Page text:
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Abandoned baby with Down syndrome may prompt bans on surrogacy

Hope for Gammy page I The abandonment of this baby could provoke bans on international surrogacy.

Reports that an Australian couple abandoned a baby with Down syndrome with his surrogate mother in Thailand could lead to bans on surrogacy in both countries, a surrogate support group told France 24 on Saturday, warning against a knee-jerk reaction.


Surrogate mother Pattaramon Chanbua gave birth to baby Gammy, who has a congenital heart problem as well as Down syndrome, in December. While the Australian couple took home Gammy's healthy twin sister, they left him behind, according to media reports.

Commercial surrogacy, in which a woman is paid to carry a child, is banned within Australia. Some states, however, allow for a so-called altruistic surrogate, who receives no payment beyond medical and other reasonable expenses.

“There is no incentive for a woman to do it, so that has resulted in a real lack of surrogates in Australia. This forces a lot of couples to look abroad,” said Rachel Kunde of support and advocacy group Surrogacy Australia.

Laws over international commercial surrogacy vary in Australia: some states allow it, but it is illegal in New South Wales and Queensland. Still, the number of parents choosing this option is growing. Surrogacy Australia estimates that between 400 and 500 babies are born to Australian parents through a surrogate each year. Some couples go to the United States, but Thailand and India are considerably cheaper and thus more popular destinations.

Changes in Thailand

In Thailand, however, the blooming baby business has come under fire by the new military junta, which took power in May.

The Thai government is currently auditing all 12 Thai IVF clinics. Surrogacy Australia also reported that most Thai-based surrogacy websites have been taken off-line while the content is reviewed to ensure it complies with Thai medical guidelines.

The government has also proposed new laws regulating, and potentially banning, commercial surrogacy.

The publicity surrounding the reported abandonment of the little boy gave the government further impetus. According to Kunde, it has shut down many of the “less reputable” agents in the last week.

“Up until now, surrogacy was largely unregulated in Thailand,” Kunde said. “The interim Thai government realized that there were rogue operators and they decided to try to take action.”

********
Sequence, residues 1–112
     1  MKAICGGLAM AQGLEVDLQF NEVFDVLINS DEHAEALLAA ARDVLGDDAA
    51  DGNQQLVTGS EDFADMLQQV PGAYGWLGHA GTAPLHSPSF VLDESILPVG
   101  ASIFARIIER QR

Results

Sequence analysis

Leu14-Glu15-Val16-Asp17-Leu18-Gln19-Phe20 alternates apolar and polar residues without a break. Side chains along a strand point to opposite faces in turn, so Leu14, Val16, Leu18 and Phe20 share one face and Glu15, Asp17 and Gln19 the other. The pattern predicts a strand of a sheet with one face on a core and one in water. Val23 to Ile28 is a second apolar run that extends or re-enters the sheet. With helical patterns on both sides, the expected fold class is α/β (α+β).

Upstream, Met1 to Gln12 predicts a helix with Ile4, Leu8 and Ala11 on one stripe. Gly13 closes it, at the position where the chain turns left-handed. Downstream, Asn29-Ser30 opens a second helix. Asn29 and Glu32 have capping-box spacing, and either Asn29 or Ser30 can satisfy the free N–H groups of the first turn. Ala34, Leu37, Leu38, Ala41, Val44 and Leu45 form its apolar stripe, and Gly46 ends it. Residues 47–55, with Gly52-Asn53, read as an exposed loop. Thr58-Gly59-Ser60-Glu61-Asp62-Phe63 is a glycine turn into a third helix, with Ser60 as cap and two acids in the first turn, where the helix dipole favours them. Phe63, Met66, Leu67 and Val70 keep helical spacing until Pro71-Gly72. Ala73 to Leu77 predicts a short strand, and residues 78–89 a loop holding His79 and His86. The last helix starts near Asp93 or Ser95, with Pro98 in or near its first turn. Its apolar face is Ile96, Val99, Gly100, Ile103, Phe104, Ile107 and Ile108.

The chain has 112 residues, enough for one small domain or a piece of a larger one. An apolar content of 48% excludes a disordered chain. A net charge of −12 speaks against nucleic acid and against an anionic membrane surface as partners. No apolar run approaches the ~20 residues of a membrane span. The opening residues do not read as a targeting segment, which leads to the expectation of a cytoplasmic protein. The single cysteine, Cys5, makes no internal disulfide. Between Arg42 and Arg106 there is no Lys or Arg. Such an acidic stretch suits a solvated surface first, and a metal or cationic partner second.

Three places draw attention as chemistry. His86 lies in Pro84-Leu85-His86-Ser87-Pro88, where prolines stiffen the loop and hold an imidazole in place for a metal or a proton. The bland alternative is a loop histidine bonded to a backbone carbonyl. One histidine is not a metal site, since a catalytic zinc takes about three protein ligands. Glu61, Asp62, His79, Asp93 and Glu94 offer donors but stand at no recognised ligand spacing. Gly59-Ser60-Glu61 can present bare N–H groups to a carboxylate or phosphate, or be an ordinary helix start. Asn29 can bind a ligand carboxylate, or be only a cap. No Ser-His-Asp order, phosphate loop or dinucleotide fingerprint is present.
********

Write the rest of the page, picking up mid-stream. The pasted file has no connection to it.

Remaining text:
'Incredibly sad story’

Media reports about abandoned baby Gammy have also provoked widespread reactions in Australia.

Prime Minister Tony Abbott called it "an incredibly sad story" that “illustrates some of the pitfalls involved in this particular business.”

A spokesman for Australia's foreign affairs department told the AFP news agency it was in consultation with Thai authorities over surrogacy issues.

While Kunde supports further regulation, she says she is worried this scandal will cause Australian politicians to push for a global ban on international commercial surrogacy.

“I’m worried about a knee-jerk reaction, which is always a possibility when stories like this get spread in the media,” Kunde said.

“What doesn’t get reported are the positive surrogacy stories: hundreds of babies are brought back each year and it goes really well,” she continued. “There was even another case of a couple who had a baby with a serious genetic condition. They brought their baby home. This story doesn’t really reflect the majority of Australian parents, who really care about their babies.”

Kunde says she is heartened by an online campaign to raise money for medical treatment for the little boy left with his surrogate mother in Thailand.

The online campaign has raised more than 135,000 Australian dollars (about 93,600 euros) through donations for the child, who needs urgent medical treatment that his surrogate mother says she can’t afford.


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